SB 903 - This act authorizes owners of property certain political subdivisions to have property tax liens on their property assigned to third parties. The political subdivisions authorized to assign liens are St. Louis County, Jackson County, Jefferson County, Clay County and the City of St. Louis. Liens assigned under this act maintain their priority as tax liens.
For a lien to be assigned, the county collector must receive written authorization from the property owner, payment of the taxes and special assessments due on the property, a fee up to $25, and proof of assignee's registration with the Department of Insurance, Financial Institutions and Professional Registration. The owner and assignee may enter into a payment agreement for payment of the amount paid by the assignee, interest of up to 16% per year, and reasonable transaction costs.
Once a lien is assigned, the assignee must record the assignment with the county recorder. The assignee must file a release of the lien within 20 business days of full payment by the owner. Failure to file such release within 45 days may subject the assignee to a penalty of $350 per day after 45 days or 10% of the original assignment amount. An assignee may further assign the lien and any future assignee must record the assignment.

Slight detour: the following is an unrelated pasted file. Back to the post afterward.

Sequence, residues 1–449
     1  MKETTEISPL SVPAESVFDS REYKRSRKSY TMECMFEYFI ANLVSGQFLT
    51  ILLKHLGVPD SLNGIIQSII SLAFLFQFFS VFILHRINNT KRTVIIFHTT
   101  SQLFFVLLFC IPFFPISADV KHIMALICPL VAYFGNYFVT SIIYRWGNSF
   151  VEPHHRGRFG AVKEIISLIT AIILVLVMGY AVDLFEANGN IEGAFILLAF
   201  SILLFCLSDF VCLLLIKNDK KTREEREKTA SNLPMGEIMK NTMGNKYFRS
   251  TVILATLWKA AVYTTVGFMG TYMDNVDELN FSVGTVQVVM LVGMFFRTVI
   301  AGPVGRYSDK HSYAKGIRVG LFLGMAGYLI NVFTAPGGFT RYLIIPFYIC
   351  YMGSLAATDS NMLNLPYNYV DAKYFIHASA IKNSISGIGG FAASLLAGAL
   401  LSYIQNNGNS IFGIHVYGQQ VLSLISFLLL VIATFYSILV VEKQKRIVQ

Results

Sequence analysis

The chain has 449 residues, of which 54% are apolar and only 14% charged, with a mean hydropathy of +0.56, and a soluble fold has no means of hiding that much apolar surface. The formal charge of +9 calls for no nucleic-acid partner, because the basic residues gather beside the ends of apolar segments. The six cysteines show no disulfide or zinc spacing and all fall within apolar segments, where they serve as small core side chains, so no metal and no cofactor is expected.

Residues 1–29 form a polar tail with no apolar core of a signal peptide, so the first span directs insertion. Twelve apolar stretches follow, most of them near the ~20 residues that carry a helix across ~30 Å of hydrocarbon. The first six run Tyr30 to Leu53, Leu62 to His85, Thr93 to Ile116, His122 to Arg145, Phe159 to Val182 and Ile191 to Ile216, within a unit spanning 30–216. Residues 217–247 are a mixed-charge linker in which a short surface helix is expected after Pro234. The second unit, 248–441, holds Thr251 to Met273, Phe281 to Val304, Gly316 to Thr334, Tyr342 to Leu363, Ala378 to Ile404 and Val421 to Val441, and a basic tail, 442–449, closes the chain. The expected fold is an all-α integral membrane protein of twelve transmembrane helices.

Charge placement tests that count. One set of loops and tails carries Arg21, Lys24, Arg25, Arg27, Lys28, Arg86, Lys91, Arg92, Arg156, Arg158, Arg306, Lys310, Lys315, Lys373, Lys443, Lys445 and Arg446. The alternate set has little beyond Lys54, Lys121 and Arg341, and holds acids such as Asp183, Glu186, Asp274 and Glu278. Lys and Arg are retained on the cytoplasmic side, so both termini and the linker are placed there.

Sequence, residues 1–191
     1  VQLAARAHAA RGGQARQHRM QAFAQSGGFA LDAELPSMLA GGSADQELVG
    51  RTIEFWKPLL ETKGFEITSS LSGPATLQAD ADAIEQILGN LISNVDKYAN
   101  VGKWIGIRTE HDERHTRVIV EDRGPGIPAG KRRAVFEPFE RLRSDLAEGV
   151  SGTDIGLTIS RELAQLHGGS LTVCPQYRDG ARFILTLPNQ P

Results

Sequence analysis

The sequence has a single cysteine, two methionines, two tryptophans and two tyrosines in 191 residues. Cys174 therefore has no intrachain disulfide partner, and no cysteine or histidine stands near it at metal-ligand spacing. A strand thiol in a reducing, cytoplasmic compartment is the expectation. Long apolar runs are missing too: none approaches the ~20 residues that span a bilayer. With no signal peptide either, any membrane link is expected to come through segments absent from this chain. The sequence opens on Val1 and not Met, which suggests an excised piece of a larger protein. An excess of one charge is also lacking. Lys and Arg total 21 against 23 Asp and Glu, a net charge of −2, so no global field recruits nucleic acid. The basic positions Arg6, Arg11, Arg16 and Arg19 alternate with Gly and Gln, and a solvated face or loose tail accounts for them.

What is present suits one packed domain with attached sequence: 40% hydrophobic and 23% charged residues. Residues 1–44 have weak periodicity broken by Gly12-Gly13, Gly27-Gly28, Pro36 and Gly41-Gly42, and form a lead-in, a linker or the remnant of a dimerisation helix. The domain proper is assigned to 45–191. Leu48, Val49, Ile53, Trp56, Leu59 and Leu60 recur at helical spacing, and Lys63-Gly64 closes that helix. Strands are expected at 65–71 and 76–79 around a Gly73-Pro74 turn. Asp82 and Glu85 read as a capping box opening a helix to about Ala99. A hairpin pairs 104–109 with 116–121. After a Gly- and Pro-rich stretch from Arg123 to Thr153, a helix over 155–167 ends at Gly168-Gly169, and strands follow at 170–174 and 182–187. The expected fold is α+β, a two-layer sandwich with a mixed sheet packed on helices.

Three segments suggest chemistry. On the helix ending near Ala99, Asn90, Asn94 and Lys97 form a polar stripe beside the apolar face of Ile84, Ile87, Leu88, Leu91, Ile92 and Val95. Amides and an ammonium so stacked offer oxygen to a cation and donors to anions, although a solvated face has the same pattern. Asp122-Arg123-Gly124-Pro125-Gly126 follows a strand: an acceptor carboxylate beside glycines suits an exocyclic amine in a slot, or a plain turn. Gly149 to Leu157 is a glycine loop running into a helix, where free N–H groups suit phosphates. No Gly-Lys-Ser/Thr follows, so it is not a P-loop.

If the owner defaults on payments under an assigned lien, the assignee may foreclose on the lien. The foreclosure action may not be commenced earlier than one year after assignment and no later than three years after default. The assignee must notify the holder of any mortgage lien on the property at least 60 days before commencing a foreclosure action and give them the option of paying off the assigned lien and receiving a release. If the property is foreclosed on and the proceeds are in excess of the assigned lien amount, the excess will be distributed to other lien holders in order of priority, with any remainder being returned to the owner.
A property owner may not enter into more than one assignment agreement at a time.
This act expires on September 1, 2021.
This act is substantially similar to HB 1658 (2014) and is similar in concept to HB 734 (2013) and SB 442 (2013).